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Recent Examples on the Web: Noun Your beauty is deep and your heart is big enough to love and envelop the world, your sense of humor ... very important ... is insurmountable. Ale Russian, PEOPLE.com, 19 Sep. 2021 Congrats to Britney Spears for getting a man with a Jeep, a shoe collection, and most importantly, a sense of humor. Elizabeth Loga, Glamour, 15 Sep. 2021 The two resent each other for their respective situations, but find common ground in a shared sense of humor, acquired decades apart. BostonGlobe.com, 15 Sep. 2021 That video quickly went viral and the Dan Patrick Show took a victory lap on Twitter for being the first to reveal Saban’s sense of humor that few outside the Alabama football program might hear. Michael Casagrande | Mcasagrande@al.com, al, 14 Sep. 2021 Church is an extremely tall native Tennessean with a slow drawl and a self-deprecating sense of humor. Adrienne So, Wired, 14 Sep. 2021 Remember when red carpet appearances had a sense of humor? Erik Maza, Town & Country, 14 Sep. 2021 Reality, however, clearly has a more surreal sense of humor than any mortal can muster, because this incredible moment of irony is exactly what occurred this weekend in Louisville, Kentucky. Matt Ford, The New Republic, 14 Sep. 2021 But thankfully, Tom is reminding them not to dwell on the past with his signature sense of humor. Selena Barrientos, Good Housekeeping, 13 Sep. 2021 Recent Examples on the Web: Verb The film follows a game initiated by the statuesque, woodland-humanoid Green Knight who barges into Camelot, daring a challenger to humor him in sport. Tyler Bey, The Christian Science Monitor, 30 July 2021 His friends challenged Lau to apply, and to humor them, Lau did just that. BostonGlobe.com, 1 June 2021 Once at his bedside, the narrator decides to humor him. James Wood, The New Yorker, 17 Aug. 2020 The airport also refuses to humor the theory that says their runways intentionally resemble Nazi swastikas. Joshua Pease, Popular Mechanics, 1 June 2020 But Congress’s reticence to humor his space dreams—and the 2020 election throwing NASA’s future in the air—may make Artemis fire a blank rather than a moonshot. Morgan Enos, Fortune, 11 Feb. 2020 Chrissy Teigen is not humoring the haters in the new year. Cady Lang, Time, 2 Jan. 2020 The 2-year-old black domestic shorthair kitty is said to possess a natural cleverness and is always full of cute antics that humor everyone around him. Arizona Republic, azcentral, 25 Oct. 2019 But the town is also just a town, with policemen who humor a silly old woman, up to a point, where some friends come visit and eat baked goods and talk about poetry, and the eeriness vanishes like a menacing shadow when the lamp turns on. Rachel Riederer, The New Republic, 10 Oct. 2019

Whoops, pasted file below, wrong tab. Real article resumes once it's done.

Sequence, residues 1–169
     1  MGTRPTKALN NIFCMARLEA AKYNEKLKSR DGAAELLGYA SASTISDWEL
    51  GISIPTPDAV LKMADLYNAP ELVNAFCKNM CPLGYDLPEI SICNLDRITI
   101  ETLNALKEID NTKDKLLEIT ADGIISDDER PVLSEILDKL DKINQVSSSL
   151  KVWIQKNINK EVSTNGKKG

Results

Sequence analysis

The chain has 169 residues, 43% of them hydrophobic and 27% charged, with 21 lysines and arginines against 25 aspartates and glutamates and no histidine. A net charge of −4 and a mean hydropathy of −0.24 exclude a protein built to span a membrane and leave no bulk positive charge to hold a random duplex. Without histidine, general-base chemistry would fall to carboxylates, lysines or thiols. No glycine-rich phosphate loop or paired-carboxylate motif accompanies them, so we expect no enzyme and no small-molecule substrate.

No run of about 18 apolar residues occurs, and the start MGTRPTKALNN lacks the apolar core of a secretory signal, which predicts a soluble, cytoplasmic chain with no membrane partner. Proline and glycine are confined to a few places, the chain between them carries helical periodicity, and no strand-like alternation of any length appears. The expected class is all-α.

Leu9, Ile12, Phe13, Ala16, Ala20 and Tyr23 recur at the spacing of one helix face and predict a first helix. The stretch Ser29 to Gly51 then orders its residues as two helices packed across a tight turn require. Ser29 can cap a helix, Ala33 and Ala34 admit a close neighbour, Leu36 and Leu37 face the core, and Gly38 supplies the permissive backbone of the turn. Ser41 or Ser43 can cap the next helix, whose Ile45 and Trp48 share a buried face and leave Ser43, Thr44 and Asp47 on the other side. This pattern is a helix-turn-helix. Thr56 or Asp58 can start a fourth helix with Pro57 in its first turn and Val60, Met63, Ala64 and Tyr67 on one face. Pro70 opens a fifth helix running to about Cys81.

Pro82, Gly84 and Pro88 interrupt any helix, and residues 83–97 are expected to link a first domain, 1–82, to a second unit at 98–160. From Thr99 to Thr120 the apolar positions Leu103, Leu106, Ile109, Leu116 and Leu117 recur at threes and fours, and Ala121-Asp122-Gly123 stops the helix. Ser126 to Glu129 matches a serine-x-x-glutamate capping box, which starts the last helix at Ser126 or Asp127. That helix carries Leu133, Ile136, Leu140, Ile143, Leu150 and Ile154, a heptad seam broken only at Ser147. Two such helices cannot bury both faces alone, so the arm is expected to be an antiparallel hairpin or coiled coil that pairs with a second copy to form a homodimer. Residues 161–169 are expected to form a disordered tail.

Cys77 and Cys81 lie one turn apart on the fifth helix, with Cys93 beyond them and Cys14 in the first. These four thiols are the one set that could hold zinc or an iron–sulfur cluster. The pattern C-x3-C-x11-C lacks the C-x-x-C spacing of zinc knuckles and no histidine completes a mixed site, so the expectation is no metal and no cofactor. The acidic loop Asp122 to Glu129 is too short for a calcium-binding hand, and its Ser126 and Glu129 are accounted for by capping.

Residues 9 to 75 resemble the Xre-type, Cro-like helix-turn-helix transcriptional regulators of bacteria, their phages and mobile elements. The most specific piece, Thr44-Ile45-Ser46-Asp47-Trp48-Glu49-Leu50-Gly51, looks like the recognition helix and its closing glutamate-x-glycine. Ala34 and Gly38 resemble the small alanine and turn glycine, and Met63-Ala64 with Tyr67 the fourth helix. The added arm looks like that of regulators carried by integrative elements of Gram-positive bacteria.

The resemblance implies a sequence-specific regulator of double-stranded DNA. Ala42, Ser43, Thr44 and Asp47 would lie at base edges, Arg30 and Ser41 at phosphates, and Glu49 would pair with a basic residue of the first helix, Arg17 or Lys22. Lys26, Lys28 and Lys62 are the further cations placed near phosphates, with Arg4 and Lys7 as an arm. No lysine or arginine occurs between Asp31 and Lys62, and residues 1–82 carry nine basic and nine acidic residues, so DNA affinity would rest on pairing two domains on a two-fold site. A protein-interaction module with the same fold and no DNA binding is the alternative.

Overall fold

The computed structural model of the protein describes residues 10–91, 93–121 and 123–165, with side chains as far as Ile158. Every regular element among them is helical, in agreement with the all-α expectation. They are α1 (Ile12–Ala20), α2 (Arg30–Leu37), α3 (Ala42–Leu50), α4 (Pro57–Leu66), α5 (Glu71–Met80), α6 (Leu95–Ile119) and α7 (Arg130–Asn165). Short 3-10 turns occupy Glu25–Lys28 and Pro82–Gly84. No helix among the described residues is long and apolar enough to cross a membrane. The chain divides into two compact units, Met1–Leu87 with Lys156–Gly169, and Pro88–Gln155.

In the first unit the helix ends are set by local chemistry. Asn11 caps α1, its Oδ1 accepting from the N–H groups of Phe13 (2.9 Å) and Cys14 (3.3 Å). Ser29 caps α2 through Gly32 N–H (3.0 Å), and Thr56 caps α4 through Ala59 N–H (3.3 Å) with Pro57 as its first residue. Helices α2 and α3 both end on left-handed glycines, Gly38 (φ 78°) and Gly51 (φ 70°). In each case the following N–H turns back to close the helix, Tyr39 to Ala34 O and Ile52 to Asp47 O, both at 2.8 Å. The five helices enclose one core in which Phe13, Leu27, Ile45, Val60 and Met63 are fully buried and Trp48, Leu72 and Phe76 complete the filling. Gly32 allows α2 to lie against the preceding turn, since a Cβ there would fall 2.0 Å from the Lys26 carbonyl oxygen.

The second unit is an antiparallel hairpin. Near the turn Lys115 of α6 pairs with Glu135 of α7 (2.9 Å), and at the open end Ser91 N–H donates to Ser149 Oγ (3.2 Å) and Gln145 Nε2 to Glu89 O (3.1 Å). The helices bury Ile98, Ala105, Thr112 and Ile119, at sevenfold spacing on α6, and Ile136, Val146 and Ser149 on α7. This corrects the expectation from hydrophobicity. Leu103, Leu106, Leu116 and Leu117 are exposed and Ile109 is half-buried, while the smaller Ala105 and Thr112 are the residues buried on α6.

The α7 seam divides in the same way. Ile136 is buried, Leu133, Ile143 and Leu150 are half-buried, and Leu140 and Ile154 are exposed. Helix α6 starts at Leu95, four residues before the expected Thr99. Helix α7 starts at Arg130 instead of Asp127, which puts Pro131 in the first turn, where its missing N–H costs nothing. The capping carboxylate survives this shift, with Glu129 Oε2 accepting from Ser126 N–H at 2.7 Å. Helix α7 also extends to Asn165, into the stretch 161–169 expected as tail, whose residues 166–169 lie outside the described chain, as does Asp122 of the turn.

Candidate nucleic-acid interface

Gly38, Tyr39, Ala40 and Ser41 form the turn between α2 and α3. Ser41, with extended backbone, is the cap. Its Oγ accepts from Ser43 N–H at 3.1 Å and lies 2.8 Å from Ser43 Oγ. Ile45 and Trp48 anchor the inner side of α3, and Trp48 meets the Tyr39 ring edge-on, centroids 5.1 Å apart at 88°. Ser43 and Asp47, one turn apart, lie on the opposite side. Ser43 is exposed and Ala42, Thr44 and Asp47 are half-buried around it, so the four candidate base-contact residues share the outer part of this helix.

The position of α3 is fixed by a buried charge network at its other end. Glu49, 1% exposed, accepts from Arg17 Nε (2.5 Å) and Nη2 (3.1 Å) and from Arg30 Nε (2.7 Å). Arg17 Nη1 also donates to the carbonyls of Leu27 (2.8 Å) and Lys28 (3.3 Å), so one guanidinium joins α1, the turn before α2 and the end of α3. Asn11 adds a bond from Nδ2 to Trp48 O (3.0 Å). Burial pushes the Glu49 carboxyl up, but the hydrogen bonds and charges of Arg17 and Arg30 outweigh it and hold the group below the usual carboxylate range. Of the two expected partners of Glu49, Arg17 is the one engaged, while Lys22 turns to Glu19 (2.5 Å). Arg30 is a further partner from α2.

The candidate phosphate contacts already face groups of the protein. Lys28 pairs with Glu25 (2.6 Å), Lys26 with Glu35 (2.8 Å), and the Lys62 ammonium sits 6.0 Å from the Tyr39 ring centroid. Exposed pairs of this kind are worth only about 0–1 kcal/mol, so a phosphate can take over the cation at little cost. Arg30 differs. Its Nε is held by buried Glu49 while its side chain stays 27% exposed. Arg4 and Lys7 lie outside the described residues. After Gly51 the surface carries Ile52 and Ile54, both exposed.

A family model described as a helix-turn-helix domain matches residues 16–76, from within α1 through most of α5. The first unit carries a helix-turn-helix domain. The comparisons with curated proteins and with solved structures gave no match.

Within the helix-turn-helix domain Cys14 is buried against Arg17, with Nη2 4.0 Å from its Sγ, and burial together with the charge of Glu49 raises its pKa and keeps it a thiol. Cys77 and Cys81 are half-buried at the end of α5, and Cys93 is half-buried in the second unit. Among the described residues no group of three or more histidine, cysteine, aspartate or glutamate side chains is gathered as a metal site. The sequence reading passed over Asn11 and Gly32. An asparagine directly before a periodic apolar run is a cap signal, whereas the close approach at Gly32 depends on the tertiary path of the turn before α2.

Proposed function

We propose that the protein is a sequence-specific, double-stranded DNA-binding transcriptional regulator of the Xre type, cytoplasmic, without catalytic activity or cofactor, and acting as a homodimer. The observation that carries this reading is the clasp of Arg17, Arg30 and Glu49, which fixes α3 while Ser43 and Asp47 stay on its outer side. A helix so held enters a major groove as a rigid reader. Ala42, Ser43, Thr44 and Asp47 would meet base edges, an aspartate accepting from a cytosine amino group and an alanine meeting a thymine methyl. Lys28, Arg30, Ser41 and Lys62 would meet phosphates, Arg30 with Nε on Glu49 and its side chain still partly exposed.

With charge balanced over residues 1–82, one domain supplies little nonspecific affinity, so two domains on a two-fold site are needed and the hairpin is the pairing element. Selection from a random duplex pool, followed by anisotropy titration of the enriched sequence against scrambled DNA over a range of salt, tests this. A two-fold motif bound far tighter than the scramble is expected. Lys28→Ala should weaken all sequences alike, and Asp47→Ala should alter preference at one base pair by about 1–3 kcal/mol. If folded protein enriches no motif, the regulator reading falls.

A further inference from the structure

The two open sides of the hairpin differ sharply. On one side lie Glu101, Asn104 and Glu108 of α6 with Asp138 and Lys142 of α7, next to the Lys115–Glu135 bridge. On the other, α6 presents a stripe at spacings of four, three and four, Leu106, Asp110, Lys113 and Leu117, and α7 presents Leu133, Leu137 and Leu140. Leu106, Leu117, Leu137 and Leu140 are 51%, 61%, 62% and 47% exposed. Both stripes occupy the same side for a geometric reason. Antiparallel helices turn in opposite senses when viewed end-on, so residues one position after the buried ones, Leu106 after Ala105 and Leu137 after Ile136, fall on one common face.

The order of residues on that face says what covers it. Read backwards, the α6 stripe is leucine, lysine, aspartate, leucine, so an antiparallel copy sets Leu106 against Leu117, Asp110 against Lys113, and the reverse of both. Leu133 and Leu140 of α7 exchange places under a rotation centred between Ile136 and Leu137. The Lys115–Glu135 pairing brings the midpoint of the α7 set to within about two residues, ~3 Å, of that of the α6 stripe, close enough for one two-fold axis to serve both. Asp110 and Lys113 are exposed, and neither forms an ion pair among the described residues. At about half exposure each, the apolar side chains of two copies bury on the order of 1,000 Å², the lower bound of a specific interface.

These example sentences are selected automatically from various online news sources to reflect current usage of the word 'humor.' Views expressed in the examples do not represent the opinion of Merriam-Webster or its editors. Send us feedback.